Sometimes, I read my old blogs, shake my head and laugh (kindly, or course) at the sheer naivety of my thoughts when I was just getting started as a PT. Today, we'll revisit one I wrote about enjoying the journey and update it, with the benefit of the useful stuff I know now, so that it actually delivers some decent, helpful ideas.
This is where it started originally. I quite like this paragraph, so I thought you might too:
"This week, a sage piece of advice was delivered to me by my calendar. In fairness, my calendar often offers words of wisdom, such as "October 12th - eat cake" or "August 27th - keep your pjs on all day", both of which are good ideas, I feel. But this one was better. "Enjoy the Journey", it told me. And I thought "good point"."
You may also think it's a good point...but struggle to actually do it. In the original blog, I then went off chatting about how you just need to enjoy things more. You know, like it's that easy to dial up the enjoyment on something. Like it's a controllable thing, like the volume on a radio. This was the next paragraph:
"When I'm cursing my workout because my legs are burning or my heart is beating out of my chest, I look at this lovely little bit of cleverness and it cuts through the pain quite well, actually. I remember that I'm on a journey and I should be embracing it. Not swearing at it."
and fair enough, that may have been true then.
OR - and I think this is more likely - it may have been a naive little bit of advice that I thought should be true, so I bought into it and passed it on to you.
In fairness, I can get my head around the fact that this piece of reframing - to enjoy the sucky feeling of out-of-breathness and muscle burn - might well work for some. But for most? Nah.
So the question I'd add here, with the benefit of the wisdom I've acquired over the past few years, is this:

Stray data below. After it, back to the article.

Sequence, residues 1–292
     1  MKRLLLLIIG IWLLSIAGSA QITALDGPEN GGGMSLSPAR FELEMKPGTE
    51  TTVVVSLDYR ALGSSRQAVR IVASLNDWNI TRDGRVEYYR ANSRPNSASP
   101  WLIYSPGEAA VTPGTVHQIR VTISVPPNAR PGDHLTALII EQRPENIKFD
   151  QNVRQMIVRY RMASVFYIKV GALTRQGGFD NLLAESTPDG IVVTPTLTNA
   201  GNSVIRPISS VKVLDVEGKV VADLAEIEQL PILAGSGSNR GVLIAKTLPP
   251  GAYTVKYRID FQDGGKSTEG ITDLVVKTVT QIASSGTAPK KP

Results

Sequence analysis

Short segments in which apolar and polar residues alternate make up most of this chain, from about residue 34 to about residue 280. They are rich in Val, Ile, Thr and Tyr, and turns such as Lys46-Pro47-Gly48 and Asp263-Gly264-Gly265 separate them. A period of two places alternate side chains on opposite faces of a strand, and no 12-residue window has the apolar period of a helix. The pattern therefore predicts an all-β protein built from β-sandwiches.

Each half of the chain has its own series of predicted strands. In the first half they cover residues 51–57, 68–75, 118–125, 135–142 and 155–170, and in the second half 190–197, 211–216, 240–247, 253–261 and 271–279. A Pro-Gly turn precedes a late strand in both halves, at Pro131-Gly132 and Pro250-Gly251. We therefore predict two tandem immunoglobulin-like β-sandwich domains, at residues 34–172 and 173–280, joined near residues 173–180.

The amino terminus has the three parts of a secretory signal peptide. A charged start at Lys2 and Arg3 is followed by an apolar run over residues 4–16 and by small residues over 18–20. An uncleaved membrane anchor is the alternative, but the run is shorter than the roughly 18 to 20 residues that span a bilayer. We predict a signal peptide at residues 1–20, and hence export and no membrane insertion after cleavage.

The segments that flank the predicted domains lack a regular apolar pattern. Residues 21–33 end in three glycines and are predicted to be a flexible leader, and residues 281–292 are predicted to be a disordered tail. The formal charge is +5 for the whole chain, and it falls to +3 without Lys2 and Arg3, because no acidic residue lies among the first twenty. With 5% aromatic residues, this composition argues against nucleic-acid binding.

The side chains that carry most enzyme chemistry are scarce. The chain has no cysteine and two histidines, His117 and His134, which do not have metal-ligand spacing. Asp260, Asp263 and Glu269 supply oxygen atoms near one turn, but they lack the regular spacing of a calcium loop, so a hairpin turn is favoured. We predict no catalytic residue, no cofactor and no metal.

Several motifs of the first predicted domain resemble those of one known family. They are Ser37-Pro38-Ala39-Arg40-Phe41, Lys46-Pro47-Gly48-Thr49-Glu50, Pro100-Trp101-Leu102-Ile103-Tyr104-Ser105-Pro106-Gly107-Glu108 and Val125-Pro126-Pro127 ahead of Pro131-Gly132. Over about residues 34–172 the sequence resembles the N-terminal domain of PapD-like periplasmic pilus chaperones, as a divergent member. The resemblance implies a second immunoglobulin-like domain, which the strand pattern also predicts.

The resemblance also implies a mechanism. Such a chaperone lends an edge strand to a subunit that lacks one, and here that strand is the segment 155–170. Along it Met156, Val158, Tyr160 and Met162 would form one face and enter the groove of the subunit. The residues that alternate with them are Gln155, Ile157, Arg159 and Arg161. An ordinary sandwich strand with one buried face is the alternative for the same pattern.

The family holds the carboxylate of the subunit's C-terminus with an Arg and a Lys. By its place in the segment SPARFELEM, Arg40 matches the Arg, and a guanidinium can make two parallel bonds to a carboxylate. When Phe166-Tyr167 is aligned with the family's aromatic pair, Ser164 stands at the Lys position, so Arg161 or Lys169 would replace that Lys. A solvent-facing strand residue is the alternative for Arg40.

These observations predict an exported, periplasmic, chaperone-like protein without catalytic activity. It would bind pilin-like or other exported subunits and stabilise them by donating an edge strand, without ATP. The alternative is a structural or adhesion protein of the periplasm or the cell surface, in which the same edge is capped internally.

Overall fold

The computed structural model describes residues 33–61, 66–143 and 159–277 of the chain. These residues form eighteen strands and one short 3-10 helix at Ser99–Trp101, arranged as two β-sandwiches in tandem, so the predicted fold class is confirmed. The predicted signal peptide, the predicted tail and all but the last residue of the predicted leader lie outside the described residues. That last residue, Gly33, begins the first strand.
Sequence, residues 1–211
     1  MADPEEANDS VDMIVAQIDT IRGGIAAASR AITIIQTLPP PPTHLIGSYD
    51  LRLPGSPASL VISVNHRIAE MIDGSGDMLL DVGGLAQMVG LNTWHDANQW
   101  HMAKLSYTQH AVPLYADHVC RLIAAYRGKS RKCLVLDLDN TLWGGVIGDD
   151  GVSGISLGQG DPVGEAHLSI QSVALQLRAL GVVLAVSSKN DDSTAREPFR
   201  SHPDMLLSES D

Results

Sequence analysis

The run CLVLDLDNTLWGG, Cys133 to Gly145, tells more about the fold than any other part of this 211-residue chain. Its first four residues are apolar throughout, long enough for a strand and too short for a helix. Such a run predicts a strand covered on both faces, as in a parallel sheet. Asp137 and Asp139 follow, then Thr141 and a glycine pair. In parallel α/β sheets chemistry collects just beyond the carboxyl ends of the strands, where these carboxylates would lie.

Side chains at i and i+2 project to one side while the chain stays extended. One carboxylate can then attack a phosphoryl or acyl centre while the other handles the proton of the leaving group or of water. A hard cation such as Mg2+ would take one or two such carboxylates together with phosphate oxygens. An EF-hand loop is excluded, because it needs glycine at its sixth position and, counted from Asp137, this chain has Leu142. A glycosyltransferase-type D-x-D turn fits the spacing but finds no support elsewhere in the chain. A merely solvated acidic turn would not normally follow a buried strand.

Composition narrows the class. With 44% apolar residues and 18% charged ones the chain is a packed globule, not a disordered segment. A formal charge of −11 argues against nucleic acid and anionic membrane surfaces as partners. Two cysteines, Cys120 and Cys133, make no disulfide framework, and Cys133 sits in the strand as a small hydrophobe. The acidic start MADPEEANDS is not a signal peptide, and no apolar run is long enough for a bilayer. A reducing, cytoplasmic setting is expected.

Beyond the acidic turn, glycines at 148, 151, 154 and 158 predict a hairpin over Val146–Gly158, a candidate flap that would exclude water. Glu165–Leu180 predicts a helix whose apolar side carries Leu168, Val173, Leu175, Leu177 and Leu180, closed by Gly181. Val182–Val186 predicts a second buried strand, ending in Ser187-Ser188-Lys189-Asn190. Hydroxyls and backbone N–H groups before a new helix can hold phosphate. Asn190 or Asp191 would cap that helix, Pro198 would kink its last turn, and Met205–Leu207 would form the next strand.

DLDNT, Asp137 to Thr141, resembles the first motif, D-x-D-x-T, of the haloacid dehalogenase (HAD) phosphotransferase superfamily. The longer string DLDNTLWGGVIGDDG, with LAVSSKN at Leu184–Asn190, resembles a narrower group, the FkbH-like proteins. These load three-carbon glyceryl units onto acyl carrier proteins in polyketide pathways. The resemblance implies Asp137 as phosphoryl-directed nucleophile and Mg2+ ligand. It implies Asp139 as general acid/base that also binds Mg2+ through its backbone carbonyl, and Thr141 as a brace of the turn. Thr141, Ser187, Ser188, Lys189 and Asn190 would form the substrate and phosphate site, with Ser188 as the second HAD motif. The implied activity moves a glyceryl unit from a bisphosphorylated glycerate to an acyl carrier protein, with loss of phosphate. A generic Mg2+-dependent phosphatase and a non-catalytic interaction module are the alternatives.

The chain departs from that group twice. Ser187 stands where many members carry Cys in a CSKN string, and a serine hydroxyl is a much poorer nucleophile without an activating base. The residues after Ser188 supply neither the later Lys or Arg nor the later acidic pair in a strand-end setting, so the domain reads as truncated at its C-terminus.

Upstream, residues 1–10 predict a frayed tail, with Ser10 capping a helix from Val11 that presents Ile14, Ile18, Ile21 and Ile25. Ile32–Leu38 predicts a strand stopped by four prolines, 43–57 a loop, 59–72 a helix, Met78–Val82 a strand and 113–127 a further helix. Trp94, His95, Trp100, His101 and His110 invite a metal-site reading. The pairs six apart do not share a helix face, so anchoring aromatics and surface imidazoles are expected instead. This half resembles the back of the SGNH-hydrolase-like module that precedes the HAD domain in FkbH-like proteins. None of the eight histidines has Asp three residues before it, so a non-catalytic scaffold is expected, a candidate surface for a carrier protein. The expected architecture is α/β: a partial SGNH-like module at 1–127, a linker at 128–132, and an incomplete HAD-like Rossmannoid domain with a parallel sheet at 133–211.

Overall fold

what do you need to do TO enjoy the journey?
You know, the part of the journey where it hurts, cos exercise does sometimes.
- Do you need to crank your favourite music up, ear splittingly loud*?
- Do you need to get your friends involved? Suffering is more fun in pairs, for some reason!
- Do you need the help of a trainer who can make you laugh, reassure you this is a normal and shortlived burn and help you find the empowerment in that?
- Do you need to find a different form of exercise? The amount of runners who've requested lifting programmes who've then realised, upon doing those programmes, that they just don't feel the lifting. It's not for them cos they're runners at heart. Not lifters.
Here's the thing.
Whilst a behaviour might be beneficial for your health, if you don't enjoy it, you aren't going to do it.
End of story.
Whether that's a exercise programme, a chicken salad or a meditation routine - if you aren't enjoying it, it's got a short shelf life ahead of it.
A lot of the time, we think we can handle the pain or the lack of enjoyment, if the goal is important to us. But I've never met a goal that's been achieved if it involves a heavy amount of things a person doesn't enjoy to get there.
You HAVE to enjoy your food.
You HAVE to enjoy your movement.
You HAVE to enjoy your health behaviours, whatever they are.
Even if you can muscle your way through unpleasant, unpalatable things to reach your goal, guess what? The journey never ends. Never. We're always on it. Reaching the goal is not the end of the journey - it's just a milestone.
Back to the original blog for a minute, because this next bit is relevant. This is what I said:
"So next time you're feeling the burn, eating a salad, eating some cake, getting a good night's sleep, struggling, succeeding - remember to enjoy it."
and I want you to ignore that too. No one can just MAKE themselves enjoy something they don't.
Here's a better idea if you don't like salad, for instance: ask the question I showed you above:
what do you need to do TO enjoy the salad?
- Perhaps change it from a salad into something else that got a lotta veg in it.
- Perhaps add some bits that'll lift it, like apple or nuts or a nice dressing, or even something that's not technically "healthy" like a spponful of potato salad or a small sausage roll.
- Or something else that you think of that maintains the inherent healthiness, but makes it more palatable. Because then you'll likely look forward to it, enjoy it more and eat it more often.
Wins all round!
Here's what my younger self wasn't appreciating - you're not suddenly going to like something just because someone told you to "enjoy the process".
But by asking the question:
"how can I enjoy this healthy thing I want more of in my life?"
you stand half a chance of increasing your consistency with that healthy thing and therefore reaping the health benefits of it.
Figure out how you CAN enjoy the journey. Because life is supposed to be fun.
*sanity check: please be careful with this if you are using earphones. I don't actually want your ears to split. Or if you're working out in your lounge and you value your relationship with your neighbours.